Members of the El Salvadoran gang MS-13, or Mara Salvatrucha, have threatened Nassau County and Village of Hempstead police officers, according to County Police Commissioner Patrick Ryder.
If “MS-13 wants to threaten a cop in this county, MS-13 is going to get an answer,” Ryder said. “We will answer that threat, and we will answer it strongly.”
The threats follow a series of gang killings in the Baldwin-Freeport-Merrick area last year, and the extradition from Maryland last week of Miguel Angel Corea Diaz, known on the street as “the Reaper,” an MS-13 kingpin who is the gang’s highest-ranking member on the East Coast.
The gang has had a presence in Glen Cove, according to both the Nassau County district attorney’s office and Detective Lt. John Nagle of the Glen Cove Police Department, although Nagle said that even though some known MS-13 members live in Glen Cove, they don’t necessarily engage in illegal activities here.
“Our officers have been instructed to be extra careful on certain calls,” he said, “to be extra vigilant at all times.”
The two “cliques,” or semi-independent chapters of MS-13, that operate on Long Island — “Hollywood” and “The Sailors” — report to and share drug profits with gang leaders in El Salvador, according to police.
Diaz was a high-ranking Sailor, according to District Attorney Madeline Singas. Another Sailor, Kevin Cuevas Del Cid, nicknamed “Creeper,” was arrested last July at his landscaping job in Glen Cove after allegedly conspiring to lure a victim into the woods and murder him. Del Cid was described in a January indictment of 17 suspected MS-13 members as a “close associate” of the head of the Sailors on Long Island.
Victor Lopez, a high-ranking member of the Hollywood clique in Nassau and Suffolk, allegedly planned an attack on another clique member, to take place in Glen Cove. According to the indictment, Lopez organized transportation from New Jersey for other Hollywood members to take part in the attack, the indictment claims.
Nagle said that the GCPD is keenly aware of gang members. “We know, through our intelligence, who belongs to what gangs,” he said. He would not give specifics on how many gang members known to the department live in the city, describing that information as “for our eyes only.”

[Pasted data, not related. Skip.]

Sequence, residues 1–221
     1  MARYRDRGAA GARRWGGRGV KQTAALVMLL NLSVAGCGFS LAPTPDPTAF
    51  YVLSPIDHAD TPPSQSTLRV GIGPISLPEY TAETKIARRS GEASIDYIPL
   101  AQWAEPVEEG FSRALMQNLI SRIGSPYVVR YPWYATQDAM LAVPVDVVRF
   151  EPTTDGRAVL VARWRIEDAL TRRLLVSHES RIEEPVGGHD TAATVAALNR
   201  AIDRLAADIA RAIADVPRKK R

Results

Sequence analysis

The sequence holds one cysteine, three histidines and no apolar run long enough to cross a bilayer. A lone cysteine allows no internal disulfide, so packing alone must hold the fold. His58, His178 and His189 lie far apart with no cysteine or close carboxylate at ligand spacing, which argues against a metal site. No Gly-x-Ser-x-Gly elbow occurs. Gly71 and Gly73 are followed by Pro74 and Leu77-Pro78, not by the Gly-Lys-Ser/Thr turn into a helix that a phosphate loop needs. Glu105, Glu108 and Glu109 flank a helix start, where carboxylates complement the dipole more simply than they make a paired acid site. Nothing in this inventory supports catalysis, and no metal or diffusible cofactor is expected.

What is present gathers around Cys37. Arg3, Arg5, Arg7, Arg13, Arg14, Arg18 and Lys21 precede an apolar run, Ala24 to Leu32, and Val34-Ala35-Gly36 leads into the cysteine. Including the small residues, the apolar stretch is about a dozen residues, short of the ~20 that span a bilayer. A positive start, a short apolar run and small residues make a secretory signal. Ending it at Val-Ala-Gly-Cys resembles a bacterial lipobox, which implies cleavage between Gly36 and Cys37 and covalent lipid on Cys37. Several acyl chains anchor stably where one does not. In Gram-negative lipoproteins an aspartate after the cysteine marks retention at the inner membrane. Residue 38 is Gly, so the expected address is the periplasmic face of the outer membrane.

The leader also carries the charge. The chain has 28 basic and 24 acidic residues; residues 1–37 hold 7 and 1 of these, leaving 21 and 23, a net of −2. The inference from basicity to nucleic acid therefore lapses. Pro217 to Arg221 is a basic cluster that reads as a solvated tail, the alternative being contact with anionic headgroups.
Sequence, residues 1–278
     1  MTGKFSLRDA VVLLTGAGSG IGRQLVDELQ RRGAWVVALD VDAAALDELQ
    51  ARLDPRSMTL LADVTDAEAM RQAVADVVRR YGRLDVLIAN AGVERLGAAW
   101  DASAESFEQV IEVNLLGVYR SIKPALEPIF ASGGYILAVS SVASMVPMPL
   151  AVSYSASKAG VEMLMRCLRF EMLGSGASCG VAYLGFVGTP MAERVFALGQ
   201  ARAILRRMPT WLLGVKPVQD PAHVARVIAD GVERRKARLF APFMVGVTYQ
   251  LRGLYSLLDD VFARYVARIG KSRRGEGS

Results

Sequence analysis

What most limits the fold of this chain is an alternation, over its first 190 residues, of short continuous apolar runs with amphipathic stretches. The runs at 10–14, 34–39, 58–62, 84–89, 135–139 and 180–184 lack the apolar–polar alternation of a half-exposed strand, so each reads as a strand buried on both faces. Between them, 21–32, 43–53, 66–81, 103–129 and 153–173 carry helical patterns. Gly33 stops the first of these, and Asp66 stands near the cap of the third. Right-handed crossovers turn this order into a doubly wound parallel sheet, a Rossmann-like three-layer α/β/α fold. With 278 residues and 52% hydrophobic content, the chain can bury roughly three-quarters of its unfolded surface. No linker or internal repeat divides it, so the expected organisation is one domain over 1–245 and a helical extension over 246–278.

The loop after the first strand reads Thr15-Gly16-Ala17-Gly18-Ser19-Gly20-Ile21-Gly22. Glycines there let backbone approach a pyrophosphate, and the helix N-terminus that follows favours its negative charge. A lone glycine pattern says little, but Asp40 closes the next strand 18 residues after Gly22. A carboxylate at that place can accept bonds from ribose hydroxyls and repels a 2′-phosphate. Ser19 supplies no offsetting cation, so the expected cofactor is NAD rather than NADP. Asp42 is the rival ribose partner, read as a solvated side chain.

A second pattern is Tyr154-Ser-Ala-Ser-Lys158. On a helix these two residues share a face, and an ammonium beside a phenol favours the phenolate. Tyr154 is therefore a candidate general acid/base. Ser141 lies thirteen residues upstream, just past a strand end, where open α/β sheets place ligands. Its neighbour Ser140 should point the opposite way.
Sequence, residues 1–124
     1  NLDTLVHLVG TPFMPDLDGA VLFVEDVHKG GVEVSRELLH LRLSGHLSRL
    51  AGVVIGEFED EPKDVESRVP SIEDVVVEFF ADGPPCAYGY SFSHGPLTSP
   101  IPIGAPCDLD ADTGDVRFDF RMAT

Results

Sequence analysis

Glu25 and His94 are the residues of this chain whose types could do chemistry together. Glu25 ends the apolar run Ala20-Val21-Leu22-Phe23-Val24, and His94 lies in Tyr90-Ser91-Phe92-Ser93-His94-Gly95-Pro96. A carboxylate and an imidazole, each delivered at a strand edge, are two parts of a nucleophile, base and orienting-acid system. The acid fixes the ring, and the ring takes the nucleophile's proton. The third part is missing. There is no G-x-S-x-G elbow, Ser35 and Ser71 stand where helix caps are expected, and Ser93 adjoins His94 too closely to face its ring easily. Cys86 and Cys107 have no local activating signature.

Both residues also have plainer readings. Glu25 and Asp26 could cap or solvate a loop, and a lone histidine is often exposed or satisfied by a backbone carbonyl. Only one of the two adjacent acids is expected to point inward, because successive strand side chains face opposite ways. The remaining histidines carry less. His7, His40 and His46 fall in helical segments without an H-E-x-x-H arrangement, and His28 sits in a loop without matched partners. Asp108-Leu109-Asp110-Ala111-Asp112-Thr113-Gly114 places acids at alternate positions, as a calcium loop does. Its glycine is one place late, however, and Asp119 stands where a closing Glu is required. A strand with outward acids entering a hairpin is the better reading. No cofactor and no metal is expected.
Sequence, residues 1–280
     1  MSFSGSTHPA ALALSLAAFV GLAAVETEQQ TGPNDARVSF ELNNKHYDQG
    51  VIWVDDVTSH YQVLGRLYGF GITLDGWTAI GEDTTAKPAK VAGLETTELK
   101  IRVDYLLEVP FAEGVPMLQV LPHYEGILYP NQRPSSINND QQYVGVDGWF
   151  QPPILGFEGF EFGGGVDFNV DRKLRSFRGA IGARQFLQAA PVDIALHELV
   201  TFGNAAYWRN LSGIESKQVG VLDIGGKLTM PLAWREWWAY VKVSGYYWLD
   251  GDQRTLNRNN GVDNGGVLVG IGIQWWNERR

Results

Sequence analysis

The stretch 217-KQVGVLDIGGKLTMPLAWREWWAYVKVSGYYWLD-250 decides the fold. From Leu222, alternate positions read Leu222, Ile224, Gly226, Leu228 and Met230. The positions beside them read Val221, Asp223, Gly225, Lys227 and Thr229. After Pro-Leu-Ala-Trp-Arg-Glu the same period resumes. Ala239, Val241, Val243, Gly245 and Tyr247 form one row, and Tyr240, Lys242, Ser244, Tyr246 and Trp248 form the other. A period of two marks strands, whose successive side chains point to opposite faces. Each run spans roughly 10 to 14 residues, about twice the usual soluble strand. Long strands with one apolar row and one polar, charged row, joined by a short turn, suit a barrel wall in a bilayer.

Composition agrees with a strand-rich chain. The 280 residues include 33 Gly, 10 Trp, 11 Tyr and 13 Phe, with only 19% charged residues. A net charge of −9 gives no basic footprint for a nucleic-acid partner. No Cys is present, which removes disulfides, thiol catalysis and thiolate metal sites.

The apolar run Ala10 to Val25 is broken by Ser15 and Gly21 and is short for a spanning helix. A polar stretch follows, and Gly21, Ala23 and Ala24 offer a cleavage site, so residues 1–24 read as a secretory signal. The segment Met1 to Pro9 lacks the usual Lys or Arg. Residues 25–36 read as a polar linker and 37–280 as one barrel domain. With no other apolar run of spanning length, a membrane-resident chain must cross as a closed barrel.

“If they’re not breaking the law,” Nagle said, “we can’t arrest them. Our policy here is that everybody has a right to be a regular citizen” until they forfeit that right by breaking the law.
According to Ryder, arrests have been made in connection with the police threats, including a man in Hempstead who had weapons and masks in his vehicle and was threatening to execute an officer. After the arrest, Nassau police received a second threat. The gang member who allegedly made it was described as a tall, thin, light-skinned Hispanic man with a tattoo of three dots next to his eyes. A police informant passed the threat on to officials.
Ryder spoke at a news conference at police headquarters in Mineola on April 19. County Executive Laura Curran joined him at the lectern.
In response to the threats, police have moved special-operations and emergency-service officers into the Hempstead area and doubled up cars in the 1st and 5th precincts, officials said.
Diaz was arraigned April 19 in a Nassau County courtroom after his extradition. Ryder did not say whether his arrest was related to the threats made against officers, but did say that police were “taking appropriate action to ensure the safety and security of our officers and medics.”
The NCPD is offering a $25,000 reward for information leading to an arrest and conviction of anyone who has threatened police.
Curran praised the county’s first responders, saying, “Their protection is our first priority,” and added that the county would spare no expense “to make sure they’re protected.”
Seventeen MS-13 members were indicted by Singas in January on charges of murder, conspiracy to commit murder and trafficking. According to James Hunt, the U.S. Drug Enforcement Administration’s special agent in charge at the time, those arrested included the highest-level MS-13 leader in the Northeast — presumably Diaz, though he was not publicly identified then.
The 21-count indictment charged the defendants with a variety of crimes, including murder, drug trafficking and conspiracy. All 17 face up to 25 years to life in prison if convicted of the top charges, according to the D.A.’s office.
The arrests followed the grim discovery of the remains of Javier Castillo, 19, of Central Islip, in Cow Meadow Park in Freeport on Oct. 25, and Kerin Pineda, 15, in a wooded area between Freeport and Merrick, on Oct. 27. The teens’ murders were suspected to be MS-13-related, but none of the men arrested was named in connection to them.
Last May, Singas’s office joined a DEA investigation of alleged criminal activity of a number of MS-13 cliques in New York, New Jersey, Maryland, Virginia and Texas. The investigation also turned up several kilograms of heroin allegedly trafficked internationally by gang members on Long Island and elsewhere. Officials said that the street value of the drugs is approximately $1 million. The indictment included a number of counts of cocaine and heroin trafficking in Nassau, Suffolk and Bronx counties as well as in New Jersey, Maryland and Texas.